Residents and visitors who have been in the vicinity of Dubuque’s Flora Park since midsummer have likely caught a glimpse of the city’s new 16,000-square-foot skate park, which opened in mid-July.

A steady stream of skaters has come to the park to check out its deep bowls, various pipes, ramps, boxes and other obstacles.

The park represents the hard work, tenacity and advocacy of Kids in Dubuque Skate, a local organization that raised funds for the effort. It was 14 years in the making, but the group never gave up its mission and worked to see this attractive amenity brought to the community.

City officials agreed to put $600,000 toward the park, with KIDS securing grants and donations to gather the rest of the money needed. By the time the park opened, the grassroots drive had overshot its goal and secured $265,000.

That’s an impressive effort and deserves the gratitude of the community. In addition to being a tourism draw, it provides a local outlet for kids and adults to be active and moving in one of the city’s beautiful parks.

Thanks to Jennifer Tigges, Laura Bies, Mike Heitz and all the KIDS members and supporters who brought this project to fruition.

An effort in the Epworth community to rename the local school after one of its longtime educators is an idea worth developing.

The suggestion came from Tom Wickham, another former longtime administrator in the Western Dubuque Community School District, who has begun a petition drive. Wickham believes the school should bear the name of Geraldine McCarthy, who was teaching principal at Epworth Elementary School from 1970 until her retirement in 1999. In all, her teaching career spanned more than 50 years, predating the district itself and stretching back to the days of the one-room schoolhouse. McCarthy died in 2018 at age 91, having devoted her life to education.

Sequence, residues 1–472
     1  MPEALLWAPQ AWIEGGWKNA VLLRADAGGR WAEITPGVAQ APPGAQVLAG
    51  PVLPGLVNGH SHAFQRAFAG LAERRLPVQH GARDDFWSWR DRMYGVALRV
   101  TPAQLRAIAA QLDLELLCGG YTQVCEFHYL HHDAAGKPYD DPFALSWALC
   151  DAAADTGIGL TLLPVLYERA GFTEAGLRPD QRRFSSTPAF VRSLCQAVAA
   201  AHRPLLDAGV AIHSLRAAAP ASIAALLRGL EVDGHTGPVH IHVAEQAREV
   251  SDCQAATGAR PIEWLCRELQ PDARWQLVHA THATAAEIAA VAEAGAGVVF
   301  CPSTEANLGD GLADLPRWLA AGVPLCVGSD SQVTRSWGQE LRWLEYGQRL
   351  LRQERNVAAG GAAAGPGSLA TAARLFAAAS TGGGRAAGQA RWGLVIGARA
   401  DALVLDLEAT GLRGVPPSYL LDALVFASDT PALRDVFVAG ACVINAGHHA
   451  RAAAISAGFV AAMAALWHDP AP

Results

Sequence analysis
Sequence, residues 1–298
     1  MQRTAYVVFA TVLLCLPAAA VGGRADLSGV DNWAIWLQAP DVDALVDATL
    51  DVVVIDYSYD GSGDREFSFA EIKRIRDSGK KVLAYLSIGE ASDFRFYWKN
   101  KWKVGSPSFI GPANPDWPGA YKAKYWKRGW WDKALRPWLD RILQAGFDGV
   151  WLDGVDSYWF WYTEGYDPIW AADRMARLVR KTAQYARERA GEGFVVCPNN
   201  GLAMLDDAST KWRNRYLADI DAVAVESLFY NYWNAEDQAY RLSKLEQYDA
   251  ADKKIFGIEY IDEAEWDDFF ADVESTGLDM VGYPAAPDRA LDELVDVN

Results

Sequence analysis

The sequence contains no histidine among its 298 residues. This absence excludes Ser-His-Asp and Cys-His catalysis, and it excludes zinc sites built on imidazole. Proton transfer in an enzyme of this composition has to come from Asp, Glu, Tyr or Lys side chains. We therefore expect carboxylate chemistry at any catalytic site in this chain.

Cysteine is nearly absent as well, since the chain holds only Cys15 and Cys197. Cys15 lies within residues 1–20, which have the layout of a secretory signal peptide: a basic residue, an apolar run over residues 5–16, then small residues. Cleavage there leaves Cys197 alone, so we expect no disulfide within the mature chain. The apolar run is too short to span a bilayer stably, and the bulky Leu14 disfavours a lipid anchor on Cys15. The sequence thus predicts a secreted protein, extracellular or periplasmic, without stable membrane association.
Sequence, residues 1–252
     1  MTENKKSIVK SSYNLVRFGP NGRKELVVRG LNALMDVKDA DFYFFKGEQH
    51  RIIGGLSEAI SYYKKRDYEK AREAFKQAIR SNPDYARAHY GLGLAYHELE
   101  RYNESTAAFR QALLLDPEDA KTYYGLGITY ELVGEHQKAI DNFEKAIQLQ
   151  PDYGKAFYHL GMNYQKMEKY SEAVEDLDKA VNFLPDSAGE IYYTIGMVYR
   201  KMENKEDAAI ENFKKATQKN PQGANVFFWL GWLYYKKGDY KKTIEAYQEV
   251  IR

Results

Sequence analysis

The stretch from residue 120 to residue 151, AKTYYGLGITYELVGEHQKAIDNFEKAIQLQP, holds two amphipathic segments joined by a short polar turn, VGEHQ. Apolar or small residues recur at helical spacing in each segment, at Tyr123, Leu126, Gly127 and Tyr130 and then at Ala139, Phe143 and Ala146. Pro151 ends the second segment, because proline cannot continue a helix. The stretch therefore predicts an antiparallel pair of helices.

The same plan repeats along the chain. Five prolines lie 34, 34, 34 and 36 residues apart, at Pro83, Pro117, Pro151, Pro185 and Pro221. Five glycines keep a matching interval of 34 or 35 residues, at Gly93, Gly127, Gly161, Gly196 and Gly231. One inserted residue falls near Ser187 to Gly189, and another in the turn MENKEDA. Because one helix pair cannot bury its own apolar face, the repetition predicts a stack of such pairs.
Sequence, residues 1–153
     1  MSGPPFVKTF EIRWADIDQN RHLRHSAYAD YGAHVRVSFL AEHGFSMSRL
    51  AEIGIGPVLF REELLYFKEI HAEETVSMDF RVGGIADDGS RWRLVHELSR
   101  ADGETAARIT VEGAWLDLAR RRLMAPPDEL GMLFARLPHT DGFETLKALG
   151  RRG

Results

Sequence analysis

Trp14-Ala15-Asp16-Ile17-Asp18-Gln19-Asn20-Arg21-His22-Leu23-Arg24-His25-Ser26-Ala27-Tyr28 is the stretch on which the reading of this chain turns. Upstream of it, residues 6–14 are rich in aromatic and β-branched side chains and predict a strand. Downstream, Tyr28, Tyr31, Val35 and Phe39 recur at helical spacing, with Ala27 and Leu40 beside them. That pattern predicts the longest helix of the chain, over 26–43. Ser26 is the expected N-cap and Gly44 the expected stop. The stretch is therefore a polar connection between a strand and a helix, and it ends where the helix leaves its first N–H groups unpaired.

That sounds like a local star, worthy of recognition.

For centuries, the names stuck on edifices far and wide tended to be people who climbed traditional success ladders or amassed fortunes — like political leaders, heads of institutions and captains of industry. That left out a lot of ordinary people who led extraordinary lives and made enormous impacts on the lives of others. It also left out most women and people of color.

While all five elementary buildings in the Western Dubuque Community School District are named for the communities in which they reside, Drexler Middle School in Farley is named for a beloved local educator — Wayne Drexler, so there is precedent for such a move.

WD Superintendent Rick Colpitts said the school board will consider hearing more from the petitioners and reach a decision after that.

Here’s hoping the board runs with this suggestion and names the school after a woman who dedicated her life to educating the children who attended there. What could be more fitting?

Much has been written about the Environmental Protection Agency’s changes to the Renewable Fuel Standard and its impact on corn farmers. But the reach of those federal changes is even broader than the agricultural sector.

Dubuque city officials recently learned that the company chosen by the Dubuque Metropolitan Area Solid Waste Agency to capture and move CO2 from the landfill has pulled out of the agreement. An agreement with Trillium called for the company to build a system to compress the gas created by burning methane from deep in the landfill and then create biofuel for vehicles. The plan called for Trillium to make the capital investment and then pay the solid waste agency $300,000 in annual royalties.

But changes in the Renewable Fuel Standard have led to instability in the biofuels sector and falling prices, so Trillium backed out of the deal.

How disappointing. When citizens hear politicians talking about making changes to the EPA, it might seem like something far removed from everyday life. Yet right here in Dubuque County are two significant examples — corn farmers and the landfill (aka taxpayers) — that suffered financial blows thanks to these changes at the federal level. It’s one more reason to restore the Renewable Fuel Standard to its previous strength.

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